Rapid Registered Reports initiative aims to stop coronavirus researchers following false leads
Researchers can expect to wait days, rather than months, for the initial peer review.
14 April 2020
As COVID-19 sweeps the world, the desire for scientific “good news” is stronger than ever. But with that comes the problem of false positive findings and false leads.
To address this challenge, the journal Royal Society Open Science is expediting its Registered Report review process specifically for COVID-19 research.
In a Registered Report, the study is peer reviewed prior to data collection, with a focus on the methods and analysis plan. The aim of the COVID-19 initiative is to return this initial review to authors within one week of submission.
Passing peer review means that authors receive an ‘in principle’ acceptance – if they follow the agreed research plan, their study will be accepted for publication, regardless of the results.
Studies will be published open access, with reviews made available alongside the article. For this initiative, Royal Society Open Science is waiving its publication fees.
Andrew Dunn, senior publishing editor at the Royal Society, says that Registered Reports are especially advantageous in the current pandemic, noting the potential for global consequences if research is wrong or published too early.
“Registered Reports can help encourage better research practices and, thus, better science with conclusions we can be more confident in,” he says.
The Registered Report format distinguishes analyses that are ‘locked in’ as part of the original research plan from more exploratory analyses that may be undertaken in light of the data collected. But they may need to be replicated before weight can be placed on them.
The process also helps researchers design better experiments, Dunn explains.
“If their hypothesis and protocols are tested through peer review before the research is conducted, potential flaws can be spotted and eliminated,” he says. “This helps validate and verify the research and its outputs.”
The COVID-19 Registered Reports initiative is being led by Chris Chambers, a cognitive neuroscientist at Cardiff University in the UK. Chambers introduced the Registered Reports format in 2013, initially at the neuropsychology journal, Cortex.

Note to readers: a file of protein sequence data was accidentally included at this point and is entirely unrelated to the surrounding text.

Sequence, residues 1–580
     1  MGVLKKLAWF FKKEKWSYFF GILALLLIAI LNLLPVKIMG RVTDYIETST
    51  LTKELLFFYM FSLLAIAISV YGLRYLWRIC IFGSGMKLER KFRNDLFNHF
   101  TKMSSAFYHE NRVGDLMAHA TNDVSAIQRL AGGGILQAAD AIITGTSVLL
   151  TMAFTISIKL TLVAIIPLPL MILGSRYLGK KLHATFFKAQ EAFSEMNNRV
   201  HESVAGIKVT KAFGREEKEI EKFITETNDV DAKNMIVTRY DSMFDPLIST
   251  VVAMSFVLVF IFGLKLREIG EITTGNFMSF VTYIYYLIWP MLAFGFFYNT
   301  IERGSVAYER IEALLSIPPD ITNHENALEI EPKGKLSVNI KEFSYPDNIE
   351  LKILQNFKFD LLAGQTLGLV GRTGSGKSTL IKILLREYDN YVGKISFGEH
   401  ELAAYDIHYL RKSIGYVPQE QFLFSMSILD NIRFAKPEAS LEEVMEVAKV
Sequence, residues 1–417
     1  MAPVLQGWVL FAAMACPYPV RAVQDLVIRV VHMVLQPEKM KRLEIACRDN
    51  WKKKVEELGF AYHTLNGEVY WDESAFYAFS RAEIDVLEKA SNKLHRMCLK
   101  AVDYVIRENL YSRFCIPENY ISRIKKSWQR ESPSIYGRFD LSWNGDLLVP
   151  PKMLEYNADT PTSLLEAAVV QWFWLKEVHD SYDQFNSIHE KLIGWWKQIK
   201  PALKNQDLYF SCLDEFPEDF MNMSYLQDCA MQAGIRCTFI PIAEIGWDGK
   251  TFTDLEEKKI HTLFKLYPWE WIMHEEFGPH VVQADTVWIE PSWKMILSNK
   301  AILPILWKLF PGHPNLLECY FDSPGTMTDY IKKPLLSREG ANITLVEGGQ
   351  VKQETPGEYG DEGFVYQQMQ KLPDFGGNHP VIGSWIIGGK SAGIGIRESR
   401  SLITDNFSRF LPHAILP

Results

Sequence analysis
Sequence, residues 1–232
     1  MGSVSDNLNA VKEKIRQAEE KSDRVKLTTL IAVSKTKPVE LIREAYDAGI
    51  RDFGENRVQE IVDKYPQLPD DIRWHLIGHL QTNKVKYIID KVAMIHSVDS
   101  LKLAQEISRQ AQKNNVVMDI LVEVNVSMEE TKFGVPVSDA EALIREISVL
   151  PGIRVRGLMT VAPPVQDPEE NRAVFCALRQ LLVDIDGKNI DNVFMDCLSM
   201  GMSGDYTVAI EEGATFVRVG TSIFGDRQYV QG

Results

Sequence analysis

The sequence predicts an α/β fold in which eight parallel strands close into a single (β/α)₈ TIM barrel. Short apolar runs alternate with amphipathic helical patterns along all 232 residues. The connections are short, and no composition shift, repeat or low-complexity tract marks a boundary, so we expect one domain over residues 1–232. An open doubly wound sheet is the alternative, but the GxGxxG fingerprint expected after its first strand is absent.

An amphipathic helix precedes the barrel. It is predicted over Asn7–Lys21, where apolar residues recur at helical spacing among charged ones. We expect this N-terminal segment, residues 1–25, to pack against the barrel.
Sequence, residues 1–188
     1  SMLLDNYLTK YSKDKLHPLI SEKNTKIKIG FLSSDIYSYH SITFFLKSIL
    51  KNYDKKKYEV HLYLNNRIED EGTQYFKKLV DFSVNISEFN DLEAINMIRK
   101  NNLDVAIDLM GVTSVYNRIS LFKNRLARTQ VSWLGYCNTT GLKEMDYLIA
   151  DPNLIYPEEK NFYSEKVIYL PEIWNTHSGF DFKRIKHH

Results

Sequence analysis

It has since been adopted by more than 200 other journals. However, the initial triage and review process can take several months.
To accelerate the process for COVID-19 research, Chambers has recruited an international ‘brains trust’: specialists in a variety of fields who are providing subject-specific guidance and peer reviewer suggestions.
He has also signed up more than 700 researchers from a wide range of disciplines. If called upon as reviewers, they have committed to returning reviews within 24 to 48 hours.
Other journals following suit
Chambers is providing regular updates on his twitter feed. So far, two COVID-19 Registered Reports – one in psychology and one in chemistry – have received in-principle acceptance. Both were subjected to an in-depth review by four expert reviewers and two specialist editors, with the process being completed within seven days.
Two further COVID-19 Registered Reports - one in immunology/microbiology and a second in psychology - are also currently under review, but have not yet received in-principal acceptance.
Other journals have followed Royal Society Open Science in offering rapid reviews of Registered Reports for COVID-19 research, including PLOS Biology, Nature Human Behaviour, Collabra: Psychology, and all seven PeerJ journals.
“We’re proud to be able to do our small part to resolve the COVID-19 pandemic,” says Dunn.
“This is a clearly a global crisis, requiring all parties to do what they can to tackle it. If Royal Society Open Science''s editors, authors, peer reviewers, and readers can help beat this crisis, then we are glad to have helped. We encourage others to get involved."